5. Deputy Sandra McLellan asked the Minister for Transport, Tourism and Sport if he will provide an update on discussions held on the 28 November 2012 of the North/South Ministerial Council meeting in Armagh on tourism and Tourism Ireland Limited; and if he will make a statement on the matter. (Question 57752/12 asked on 20 Dec 2012)
(Deputy Michael Ring): I attended the 13th meeting of the North-South Ministerial Council in tourism sectoral format in Armagh on 28 November. The Northern Ireland Executive was represented by Ms Arlene Foster, MLA, Minister of Enterprise, Trade and Investment, and Ms Carál Ní Chuilín, MLA, Minister of Culture, Arts and Leisure. Tourism Ireland’s chairman, vice chairman and chief executive officer also attended.
The meeting provided a good opportunity to discuss tourism performance for the island of Ireland to date in 2012, including the overseas marketing highlights of the year. In terms of the future, Tourism Ireland’s business plan for 2013 was discussed. We also had a very useful exchange on major tourism events and initiatives planned for next year. Obviously, our main focus is on The Gathering, while the focus in Northern Ireland will primarily be on Derry-Londonderry’s designation as United Kingdom city of culture and the World Police and Fire Games which are being held in Belfast. A paper dealing specifically with the Great Britain market was also discussed. The work of the tourism recovery task force was welcomed and agreement made that the recommendations of the GB Path to Growth strategy will be implemented by Tourism Ireland in 2013 and beyond.
The meeting also provided me with the opportunity to invite the Ministers, Ms Foster and Ms Ní Chuilín, and their relevant officials to EU Presidency-related events we will be hosting next year. It was agreed to hold the next tourism sectoral meeting next spring.
Deputy Sandra McLellan: I thank the Minister of State for his reply. Tourism is specifically identified in the Good Friday Agreement as one of the key areas for North-South co-operation and consequently one in respect of which the North-South Ministerial Council meets in sectoral format. The aim of the council in this particular format is to make decisions on areas of common policies and approaches specifically as they relate to tourism. These include policies and actions to be implemented by Tourism Ireland, the body with responsibility for promoting the island of Ireland overseas as a tourist destination.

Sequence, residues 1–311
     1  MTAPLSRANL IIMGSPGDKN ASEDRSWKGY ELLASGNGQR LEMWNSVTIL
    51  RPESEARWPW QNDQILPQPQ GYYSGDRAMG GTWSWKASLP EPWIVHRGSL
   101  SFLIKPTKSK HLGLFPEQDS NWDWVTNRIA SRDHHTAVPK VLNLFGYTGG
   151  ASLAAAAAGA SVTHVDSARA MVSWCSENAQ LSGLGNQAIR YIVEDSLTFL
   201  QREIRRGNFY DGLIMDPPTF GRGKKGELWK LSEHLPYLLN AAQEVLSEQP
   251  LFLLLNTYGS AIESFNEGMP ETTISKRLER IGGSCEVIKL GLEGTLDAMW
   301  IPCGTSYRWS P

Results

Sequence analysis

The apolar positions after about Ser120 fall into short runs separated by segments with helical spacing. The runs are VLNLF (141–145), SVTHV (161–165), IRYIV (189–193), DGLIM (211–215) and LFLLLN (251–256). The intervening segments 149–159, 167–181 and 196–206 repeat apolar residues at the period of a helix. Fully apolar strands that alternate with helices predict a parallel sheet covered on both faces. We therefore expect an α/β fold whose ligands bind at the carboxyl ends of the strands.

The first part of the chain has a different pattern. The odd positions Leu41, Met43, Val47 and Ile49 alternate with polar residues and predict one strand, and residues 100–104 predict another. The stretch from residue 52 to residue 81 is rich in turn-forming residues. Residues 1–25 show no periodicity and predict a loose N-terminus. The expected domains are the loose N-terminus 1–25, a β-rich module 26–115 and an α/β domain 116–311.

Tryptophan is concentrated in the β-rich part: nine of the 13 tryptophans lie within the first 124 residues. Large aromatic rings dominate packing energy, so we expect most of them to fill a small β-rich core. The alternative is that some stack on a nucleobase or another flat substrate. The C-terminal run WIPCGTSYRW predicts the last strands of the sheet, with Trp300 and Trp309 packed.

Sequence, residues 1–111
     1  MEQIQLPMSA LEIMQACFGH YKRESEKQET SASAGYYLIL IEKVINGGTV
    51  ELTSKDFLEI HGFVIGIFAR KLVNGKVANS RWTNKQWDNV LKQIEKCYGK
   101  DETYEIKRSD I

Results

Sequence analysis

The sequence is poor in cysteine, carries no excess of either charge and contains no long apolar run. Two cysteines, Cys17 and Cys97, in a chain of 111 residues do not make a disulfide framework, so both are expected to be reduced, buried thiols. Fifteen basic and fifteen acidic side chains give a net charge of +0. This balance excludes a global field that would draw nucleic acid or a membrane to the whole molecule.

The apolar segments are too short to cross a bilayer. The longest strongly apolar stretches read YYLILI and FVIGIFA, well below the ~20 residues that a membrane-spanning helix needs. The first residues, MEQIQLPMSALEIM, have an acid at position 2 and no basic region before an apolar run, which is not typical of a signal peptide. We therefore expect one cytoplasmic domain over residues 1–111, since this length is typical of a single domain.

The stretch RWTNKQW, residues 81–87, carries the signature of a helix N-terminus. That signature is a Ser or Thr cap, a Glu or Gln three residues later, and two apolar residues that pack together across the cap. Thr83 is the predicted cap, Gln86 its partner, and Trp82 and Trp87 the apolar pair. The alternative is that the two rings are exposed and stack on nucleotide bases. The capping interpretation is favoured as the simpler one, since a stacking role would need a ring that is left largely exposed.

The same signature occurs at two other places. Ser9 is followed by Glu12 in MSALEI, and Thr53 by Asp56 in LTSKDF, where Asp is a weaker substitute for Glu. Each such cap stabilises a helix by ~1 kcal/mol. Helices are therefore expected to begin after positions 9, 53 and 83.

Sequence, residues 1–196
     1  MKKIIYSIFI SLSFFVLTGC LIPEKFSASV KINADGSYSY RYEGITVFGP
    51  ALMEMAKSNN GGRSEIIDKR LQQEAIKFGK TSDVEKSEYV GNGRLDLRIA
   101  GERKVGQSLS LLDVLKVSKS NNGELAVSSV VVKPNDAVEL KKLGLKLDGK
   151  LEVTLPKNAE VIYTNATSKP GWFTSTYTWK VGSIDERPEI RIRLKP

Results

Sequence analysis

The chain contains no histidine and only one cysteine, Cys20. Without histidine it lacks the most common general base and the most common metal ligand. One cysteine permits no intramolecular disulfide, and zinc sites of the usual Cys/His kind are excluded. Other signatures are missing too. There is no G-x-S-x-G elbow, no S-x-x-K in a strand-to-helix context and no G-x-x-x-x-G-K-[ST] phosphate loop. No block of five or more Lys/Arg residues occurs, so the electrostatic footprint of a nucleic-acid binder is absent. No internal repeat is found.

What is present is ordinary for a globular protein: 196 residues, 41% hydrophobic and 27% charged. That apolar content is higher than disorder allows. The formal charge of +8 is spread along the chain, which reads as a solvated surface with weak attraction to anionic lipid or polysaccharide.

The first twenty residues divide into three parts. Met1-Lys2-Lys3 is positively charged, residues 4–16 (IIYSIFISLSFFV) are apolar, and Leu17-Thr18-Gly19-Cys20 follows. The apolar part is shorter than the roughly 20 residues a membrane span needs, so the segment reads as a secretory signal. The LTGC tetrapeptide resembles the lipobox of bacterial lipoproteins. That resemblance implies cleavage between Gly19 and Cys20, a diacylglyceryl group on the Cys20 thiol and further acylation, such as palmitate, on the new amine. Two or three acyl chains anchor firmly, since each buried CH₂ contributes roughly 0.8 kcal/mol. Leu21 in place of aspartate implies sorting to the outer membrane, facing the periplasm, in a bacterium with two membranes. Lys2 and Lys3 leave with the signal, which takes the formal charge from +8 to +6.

The previous meeting of the North-South Ministerial Council in tourism sectoral format took place on 25 January 2012. Among the issues on the agenda at the most recent meeting of the council, on 28 November in Armagh, were, as the Minister of State indicated, Tourism Ireland’s business plan for 2013, major tourism opportunities North and South in 2013 and a review of this year’s visitor numbers to the island of Ireland. Will he elaborate on some of the discussions that took place in regard to the business plan and the tourism opportunities?
The Minister of State mentioned the tourism recovery task force that was formed early in 2011 with the aim of ensuring growth in inbound tourism. It includes representatives of Fáilte Ireland, the Northern Ireland Tourist Board and Tourism Ireland and is expected to make recommendations to the council. Will the Minister of State provide specific details of the recommendations made for 2013?
Deputy Michael Ring: It was a great experience for me to attend my first meeting of the North-South Ministerial Council in tourism sectoral format. In particular, I was pleasantly surprised at the way in which participants worked so closely together. Both North and South, we are all aware of the importance of tourism to the island as a whole. We spoke about upcoming major events in the sector, including The Gathering, the World Police and Fire Games in Belfast next year and Derry’s designation as the United Kingdom’s city of culture for 2013. We also discussed the efforts being made to win back some of the British market. Despite a very successful 2012 in general, the reduction in the number of British visitors represented a weak link, particularly given that it is the most important market for both North and South. In addition, we discussed the business programme to be put in place for next year, which will include an aggressive marketing campaign in Britain to win back some of the visitors we have lost in recent years.
The most pleasant aspect of this discussion was the evidence of how well we are all working together, the common denominator being our desire to attract people to the island as a whole. I was delighted to have the opportunity to engage in discussions with the Deputy’s colleague, Ms Ní Chuilín. I have invited both Minister, Ms Ní Chuilín and Ms Foster, to participate in the major tourism conference that will take place from 7 to 9 March, inclusive, during Ireland’s Presidency of the European Union. We hope to assist them in any way we can, and vice versa, in meeting our joint objective of attracting visitors to the island.